JEFFERSON COUNTY, Colo. (CBS4)– This weekend a pair of NASA spacecrafts will begin orbiting the moon. Both were built in Colorado.

Scientists believe the Grail Project could provide new information about the lunar landscape than when the U.S. landed there 41 years ago.

“The main secret of the moon is the interior of the moon,” said Grail Program Manager Stuart Spath.

NASA will steer the two nearly identical spacecraft into orbit around the moon.

“This spacecraft with the two spacecraft configuration will be able to measure the gravity and use that to infer the interior composition of the moon,” said Spath.

The spacecraft were built by Lockheed Martin in Jefferson County. They were launched in September but will just be reaching the moon before New Year’s.

It took more than three months to reach the moon because going slowly means Grail can be put into the lunar orbit with a smaller, fuel-saving rocket.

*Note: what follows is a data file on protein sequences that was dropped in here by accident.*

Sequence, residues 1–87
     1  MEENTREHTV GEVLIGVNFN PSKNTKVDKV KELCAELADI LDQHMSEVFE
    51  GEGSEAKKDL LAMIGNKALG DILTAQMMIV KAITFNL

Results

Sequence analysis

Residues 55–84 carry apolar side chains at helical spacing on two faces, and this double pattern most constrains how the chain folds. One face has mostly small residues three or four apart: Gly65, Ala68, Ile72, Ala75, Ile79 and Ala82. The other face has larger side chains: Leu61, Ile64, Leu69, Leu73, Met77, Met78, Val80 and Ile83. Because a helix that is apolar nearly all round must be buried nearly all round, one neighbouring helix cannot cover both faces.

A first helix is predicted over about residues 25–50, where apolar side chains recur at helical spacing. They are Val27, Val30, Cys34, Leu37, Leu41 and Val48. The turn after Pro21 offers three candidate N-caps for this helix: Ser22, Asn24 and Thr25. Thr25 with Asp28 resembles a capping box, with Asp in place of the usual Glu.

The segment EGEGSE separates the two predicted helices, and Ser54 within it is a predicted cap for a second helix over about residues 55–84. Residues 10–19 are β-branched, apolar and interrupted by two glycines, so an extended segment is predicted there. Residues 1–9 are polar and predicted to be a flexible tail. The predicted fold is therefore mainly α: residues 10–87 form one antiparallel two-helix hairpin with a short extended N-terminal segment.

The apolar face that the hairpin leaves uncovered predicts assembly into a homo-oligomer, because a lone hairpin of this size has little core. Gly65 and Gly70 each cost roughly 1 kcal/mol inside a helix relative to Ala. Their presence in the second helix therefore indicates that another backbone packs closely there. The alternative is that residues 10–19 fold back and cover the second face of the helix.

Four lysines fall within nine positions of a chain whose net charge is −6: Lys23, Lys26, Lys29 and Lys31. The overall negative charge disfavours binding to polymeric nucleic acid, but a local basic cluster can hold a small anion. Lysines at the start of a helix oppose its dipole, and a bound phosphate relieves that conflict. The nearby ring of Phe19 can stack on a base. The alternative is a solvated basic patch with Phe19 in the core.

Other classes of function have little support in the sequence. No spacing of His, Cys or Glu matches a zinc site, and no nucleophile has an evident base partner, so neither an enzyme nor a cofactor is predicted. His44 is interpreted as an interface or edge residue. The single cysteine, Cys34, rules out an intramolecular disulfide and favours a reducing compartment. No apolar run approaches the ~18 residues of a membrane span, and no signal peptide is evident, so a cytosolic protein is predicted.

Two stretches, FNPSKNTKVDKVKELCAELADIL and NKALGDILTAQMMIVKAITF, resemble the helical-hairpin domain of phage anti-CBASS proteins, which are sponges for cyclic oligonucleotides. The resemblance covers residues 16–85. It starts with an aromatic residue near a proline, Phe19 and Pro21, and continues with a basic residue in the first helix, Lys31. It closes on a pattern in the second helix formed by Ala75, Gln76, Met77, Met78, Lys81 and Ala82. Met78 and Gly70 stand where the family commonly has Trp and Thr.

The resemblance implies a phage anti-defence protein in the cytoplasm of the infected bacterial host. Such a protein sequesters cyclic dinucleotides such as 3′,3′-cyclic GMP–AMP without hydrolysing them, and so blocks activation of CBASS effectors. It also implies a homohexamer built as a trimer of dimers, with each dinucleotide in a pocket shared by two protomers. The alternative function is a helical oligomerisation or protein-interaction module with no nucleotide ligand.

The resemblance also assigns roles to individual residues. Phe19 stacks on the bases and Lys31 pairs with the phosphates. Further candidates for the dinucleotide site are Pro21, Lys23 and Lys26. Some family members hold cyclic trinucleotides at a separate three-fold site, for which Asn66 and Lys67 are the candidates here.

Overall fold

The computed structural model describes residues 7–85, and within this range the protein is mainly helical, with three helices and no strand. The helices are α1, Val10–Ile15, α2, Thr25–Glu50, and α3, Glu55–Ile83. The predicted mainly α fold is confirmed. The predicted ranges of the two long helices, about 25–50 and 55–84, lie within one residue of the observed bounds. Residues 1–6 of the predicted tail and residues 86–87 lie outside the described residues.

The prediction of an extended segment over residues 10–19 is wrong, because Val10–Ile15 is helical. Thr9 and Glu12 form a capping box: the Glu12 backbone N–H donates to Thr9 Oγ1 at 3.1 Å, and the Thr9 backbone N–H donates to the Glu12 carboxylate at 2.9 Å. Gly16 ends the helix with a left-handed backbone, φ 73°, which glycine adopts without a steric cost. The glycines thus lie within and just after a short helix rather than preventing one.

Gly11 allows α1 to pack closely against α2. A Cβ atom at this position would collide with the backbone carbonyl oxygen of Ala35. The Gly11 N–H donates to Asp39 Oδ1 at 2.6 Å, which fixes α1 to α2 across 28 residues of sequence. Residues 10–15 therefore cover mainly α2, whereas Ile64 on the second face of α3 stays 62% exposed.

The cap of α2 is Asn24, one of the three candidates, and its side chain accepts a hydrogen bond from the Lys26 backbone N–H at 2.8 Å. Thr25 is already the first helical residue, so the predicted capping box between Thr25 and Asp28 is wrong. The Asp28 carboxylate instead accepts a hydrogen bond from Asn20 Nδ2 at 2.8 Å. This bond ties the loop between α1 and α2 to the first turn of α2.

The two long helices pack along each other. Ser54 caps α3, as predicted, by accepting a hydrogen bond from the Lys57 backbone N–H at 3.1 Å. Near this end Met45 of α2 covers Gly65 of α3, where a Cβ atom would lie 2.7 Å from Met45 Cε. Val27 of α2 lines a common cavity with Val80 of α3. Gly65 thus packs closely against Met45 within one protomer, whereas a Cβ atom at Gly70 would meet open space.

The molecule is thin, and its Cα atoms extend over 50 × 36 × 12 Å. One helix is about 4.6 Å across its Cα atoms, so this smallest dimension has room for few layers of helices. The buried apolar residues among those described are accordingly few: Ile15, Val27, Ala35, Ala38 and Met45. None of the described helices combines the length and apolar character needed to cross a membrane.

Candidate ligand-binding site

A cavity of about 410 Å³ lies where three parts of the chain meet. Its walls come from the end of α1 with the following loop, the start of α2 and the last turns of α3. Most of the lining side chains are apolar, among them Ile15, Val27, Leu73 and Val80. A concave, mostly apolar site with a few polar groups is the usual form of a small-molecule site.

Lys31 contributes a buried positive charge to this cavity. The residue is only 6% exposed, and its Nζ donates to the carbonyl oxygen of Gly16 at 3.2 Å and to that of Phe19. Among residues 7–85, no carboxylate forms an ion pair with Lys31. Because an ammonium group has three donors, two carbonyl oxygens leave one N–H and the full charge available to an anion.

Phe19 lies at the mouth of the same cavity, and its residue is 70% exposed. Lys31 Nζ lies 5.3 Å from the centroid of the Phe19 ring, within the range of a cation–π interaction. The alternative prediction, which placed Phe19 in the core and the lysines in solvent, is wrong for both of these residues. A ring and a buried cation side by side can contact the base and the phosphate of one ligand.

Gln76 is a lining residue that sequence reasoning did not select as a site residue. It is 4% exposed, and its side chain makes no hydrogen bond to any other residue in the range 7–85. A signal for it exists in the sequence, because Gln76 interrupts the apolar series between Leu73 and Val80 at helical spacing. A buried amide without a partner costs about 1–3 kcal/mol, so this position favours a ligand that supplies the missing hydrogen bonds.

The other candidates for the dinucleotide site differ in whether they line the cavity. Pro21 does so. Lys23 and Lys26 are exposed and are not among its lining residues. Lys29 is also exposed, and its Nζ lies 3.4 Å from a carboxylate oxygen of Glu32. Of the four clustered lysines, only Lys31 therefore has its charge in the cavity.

Using twin satellites also allows for triangulation with the earth. It’s the most precise way to measure the moon’s gravity, when one starts pulling, the other craft can sense it.

Spath and his team of support engineers will be on duty this weekend making sure the preloaded orbit commands are carried out as planned.

“We’re all excited and optimistic of the results,” said Spath.

The data collection begins in March 2012 and lasts for three months. When the data is collected NASA will have a better understanding of the moon’s gravity than the earth’s.

By learning more about the moon scientists hope Grail will help better explain the origin of the solar system.


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